Reflections on Loss, With Thanks to Frederick Buechner | Sojourners

Reflections on Loss, With Thanks to Frederick Buechner

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In the summer of 2010, as part of a Lilly Renewal Grant, I drove through the picturesque New England countryside to see an old friend I had never met.

His work anchored my life and preaching for 38 years. He sustained me and made my own anxiety and fear and grief easier to bear. He gave me hope.

His son-in-law told me he usually did not see people he did not know. But he agreed to see me, perhaps considering some common life experiences I had shared in my introductory letter.

With joyful anticipation, I arrived at a beautiful farm home tucked away in the western mountains of Vermont. Closing the car door, I heard him call out from the back gate, “Come on up. Glad to see you. Pull up a chair and sit in this shady spot.”

The July weather was almost Mississippi hot. I removed my coat. His hospitality drew me in. I felt at home in his presence, as if we had visited many times.

There are people who so impact our lives that we must seek them out to say thank you. For me and Fredrick Buechner, it came down to three things: his hope , which sustained him and kept him going; his courage in sharing his own vulnerabilities; and his honesty, in acknowledging his lifelong predisposition to conjure up the worst in any situation. “Awfulizing,” he called it.

Sitting under the shade of his backyard trees, I told Fred Buechner that many of us belong to that club.

On nights I’ve been unable to sleep, waiting for my own children to return home and hearing an occasional siren in the distance, Fred wrote for me when describing his own staring out the window, yearning for a stream of headlights coming up the drive.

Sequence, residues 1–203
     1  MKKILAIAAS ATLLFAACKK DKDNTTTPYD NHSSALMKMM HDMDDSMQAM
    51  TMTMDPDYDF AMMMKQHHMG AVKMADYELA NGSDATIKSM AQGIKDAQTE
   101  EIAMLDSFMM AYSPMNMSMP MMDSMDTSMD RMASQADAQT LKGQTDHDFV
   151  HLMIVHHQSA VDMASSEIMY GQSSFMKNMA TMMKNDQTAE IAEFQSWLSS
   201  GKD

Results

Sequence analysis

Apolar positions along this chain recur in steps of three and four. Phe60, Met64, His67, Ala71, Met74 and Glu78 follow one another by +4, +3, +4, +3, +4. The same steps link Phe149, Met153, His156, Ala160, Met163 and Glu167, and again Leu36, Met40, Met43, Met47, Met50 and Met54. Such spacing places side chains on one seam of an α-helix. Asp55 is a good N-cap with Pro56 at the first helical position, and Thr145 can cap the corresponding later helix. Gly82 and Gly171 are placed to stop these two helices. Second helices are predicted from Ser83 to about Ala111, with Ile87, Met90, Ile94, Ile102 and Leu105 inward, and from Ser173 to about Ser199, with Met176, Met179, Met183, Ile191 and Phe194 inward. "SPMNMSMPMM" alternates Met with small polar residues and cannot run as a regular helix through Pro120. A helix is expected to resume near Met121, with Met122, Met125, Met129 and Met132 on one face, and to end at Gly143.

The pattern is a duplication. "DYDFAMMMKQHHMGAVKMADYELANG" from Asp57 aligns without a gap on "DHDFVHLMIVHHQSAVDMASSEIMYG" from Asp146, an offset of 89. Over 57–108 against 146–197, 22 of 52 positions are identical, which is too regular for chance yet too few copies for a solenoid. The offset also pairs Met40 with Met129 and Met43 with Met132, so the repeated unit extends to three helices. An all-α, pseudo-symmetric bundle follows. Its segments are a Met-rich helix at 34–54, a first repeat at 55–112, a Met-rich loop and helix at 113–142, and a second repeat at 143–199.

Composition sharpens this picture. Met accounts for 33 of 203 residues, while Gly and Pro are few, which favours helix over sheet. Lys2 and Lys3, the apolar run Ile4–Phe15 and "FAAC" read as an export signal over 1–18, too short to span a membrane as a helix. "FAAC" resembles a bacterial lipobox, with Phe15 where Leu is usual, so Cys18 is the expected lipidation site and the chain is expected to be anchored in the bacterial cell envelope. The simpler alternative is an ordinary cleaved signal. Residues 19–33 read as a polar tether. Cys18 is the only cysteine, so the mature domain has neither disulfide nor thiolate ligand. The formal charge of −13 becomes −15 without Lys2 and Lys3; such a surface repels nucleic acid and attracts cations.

He told me he had not coped well with his daughter’s anorexia — how whether she ate a bite of toast in the morning either made or destroyed his day. “My own anxiety was making her sicker,” he said.

How I could relate to that in the way I responded to my son’s struggles with alcohol! I remembered his writing in Telling Secrets: A Memoir, “It was not until she was 3,000 miles away on another coast, away from me, that she began to get better.”

Here in Vermont, he went on to tell me that he needed to do his best to take care of himself, to be a happy person, so that if she did get well, she would have a healthy father to come home to. “How many times has that revelation sustained me,” I told him.

We talked about the longing for home in his writing. We talked about his dysfunctional home, which most of us, he said, have experienced at some level. I asked him about any happy times for his family, and he told me about a trip to Bermuda with his mother and brother after his father’s tragic suicide.

“Of course, going away never takes away all of the pain,” he said, “But it was one of the happier times in my life.”

Fred remembers his father hardly at all — his appearance, his words, his mannerisms. That awful loss on an early November morning caused Fred to ask questions for which there are no answers, as another awful loss, now over 30 years ago, caused for me. We go on, because it’s all we can do. We keep going if for no other reason than that they would want us to. They would want us to be a “force for life” for others in despair. We might have missed it the first time when our loved one was in despair and we didn’t know how deeply.